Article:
We're finishing the process of choosing the vendor for what being termed as the "pitcher and catcher's mitt" for our VOD service: taking the encoded product and delivering it, via satellite, to the cable headend. The idea is it will work and connect seamlessly with whatever company's server is installed, so that you have a nice flow of product. It's a lot cheaper than trying to distribute it in any other way; you encode the product once, you deliver it once. You can control, from our database and video digital-asset management system, how long the product stays on the shelf.
MCN: When In Demand initially launched prior to your arrival, the mandate was to develop original
programming branded under that moniker. Is there still a mandate to have branded programs created, produced and distributed by In Demand?
It's not a priority focus of mine or of the owners right now. I think our primary focus is on making sure that we do all the other things very well. I'm not sure it's the best use of our time and resources. Maybe we'll look at it when we get all the rest of this stuff done and we're humming along and doing all the things we need to. Let's do all the blocking and tackling really well and then we'll see if we can come up with some trick plays.
MCN: For years, direct-broadcast satellite and home video have been perceived as PPV's biggest competitors. Now that we're moving into the VOD business, do you consider
new technologies like digital-subscriber line and the
Internet as major players, or are the traditional rivals still the biggest threat?
DBS is still a major competitor not just for PPV, but because of all of their other programming. But with the rollout of digital-cable capabilities and the ability to deliver true VOD, we feel that we'll have a better product over time. There's much more that consumers can do with the two-way nature of digital cable than DBS can do now. In terms of the PPV business itself, there will be some form of Internet distribution of some type at some point. Right now, it's certainly anything but secure; I don't think the quality is as good as it needs to be or should be, and certainly for the moment we have the best delivery mechanism via cable.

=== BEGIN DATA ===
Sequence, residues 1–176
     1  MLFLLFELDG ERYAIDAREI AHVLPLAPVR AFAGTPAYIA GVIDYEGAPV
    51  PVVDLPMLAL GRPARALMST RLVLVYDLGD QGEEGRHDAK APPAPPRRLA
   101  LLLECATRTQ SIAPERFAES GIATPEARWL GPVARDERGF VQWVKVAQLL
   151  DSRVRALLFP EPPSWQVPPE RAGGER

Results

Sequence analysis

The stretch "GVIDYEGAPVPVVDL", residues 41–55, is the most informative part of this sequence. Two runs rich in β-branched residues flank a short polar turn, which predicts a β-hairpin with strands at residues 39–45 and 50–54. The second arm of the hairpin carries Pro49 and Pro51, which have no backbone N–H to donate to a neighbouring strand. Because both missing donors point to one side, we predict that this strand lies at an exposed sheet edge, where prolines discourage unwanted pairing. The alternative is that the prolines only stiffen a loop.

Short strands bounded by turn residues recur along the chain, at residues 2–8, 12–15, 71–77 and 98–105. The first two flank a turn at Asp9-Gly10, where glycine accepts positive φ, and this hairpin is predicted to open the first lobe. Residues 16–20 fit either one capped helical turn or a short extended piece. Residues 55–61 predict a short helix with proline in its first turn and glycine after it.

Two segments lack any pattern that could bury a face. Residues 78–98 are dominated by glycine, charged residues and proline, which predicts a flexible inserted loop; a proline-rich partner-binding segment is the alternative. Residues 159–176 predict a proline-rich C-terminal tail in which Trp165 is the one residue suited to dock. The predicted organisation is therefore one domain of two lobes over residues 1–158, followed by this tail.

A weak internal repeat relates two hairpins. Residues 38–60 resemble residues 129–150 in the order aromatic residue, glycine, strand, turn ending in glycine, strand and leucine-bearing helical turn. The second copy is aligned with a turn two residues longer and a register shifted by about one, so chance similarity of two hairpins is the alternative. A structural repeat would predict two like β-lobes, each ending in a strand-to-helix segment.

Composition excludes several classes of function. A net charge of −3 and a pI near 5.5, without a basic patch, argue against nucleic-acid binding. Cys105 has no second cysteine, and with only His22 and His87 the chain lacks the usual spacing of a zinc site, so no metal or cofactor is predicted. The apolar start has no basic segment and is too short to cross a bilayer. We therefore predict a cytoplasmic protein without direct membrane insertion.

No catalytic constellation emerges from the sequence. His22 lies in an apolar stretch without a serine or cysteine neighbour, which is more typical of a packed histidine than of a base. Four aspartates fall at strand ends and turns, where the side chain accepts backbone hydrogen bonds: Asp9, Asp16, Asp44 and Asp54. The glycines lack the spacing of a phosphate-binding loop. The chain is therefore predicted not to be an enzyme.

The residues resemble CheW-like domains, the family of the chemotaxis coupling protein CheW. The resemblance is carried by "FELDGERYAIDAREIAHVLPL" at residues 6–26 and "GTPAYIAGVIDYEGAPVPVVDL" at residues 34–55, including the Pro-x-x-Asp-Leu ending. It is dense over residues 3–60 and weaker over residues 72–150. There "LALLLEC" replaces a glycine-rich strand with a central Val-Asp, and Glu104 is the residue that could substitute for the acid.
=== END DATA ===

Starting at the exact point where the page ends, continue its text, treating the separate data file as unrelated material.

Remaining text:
Some affiliates have mentioned some problems that they've run into in dealing with In Demand,
including collections. How are you
addressing that? Also, what do you say to
operators who still question whether In Demand is built to be an affiliate-relations company
or a programming company?
We've had our problems in recording buys, we've had our problems in collecting payments and it is a very, very important area for us to clean up. And we're in the process of doing that right now. Our organization has three primary components: the aggregation of materials, the economic delivery of those materials and the management of the assets themselves-the promotion and marketing of the product, the collection of the data and monies and the distribution of that to the appropriate parties. That's what we're here for. Our job is to make sure the category grows. But we're not there for the purpose of generating big money. The cable operator has made a tremendous investment in building out the digital cable system, not just with the boxes but also through the cost of the file servers. They're looking for and need to have a decent return on their investment. We can do these things with a tremendous quality-of scale.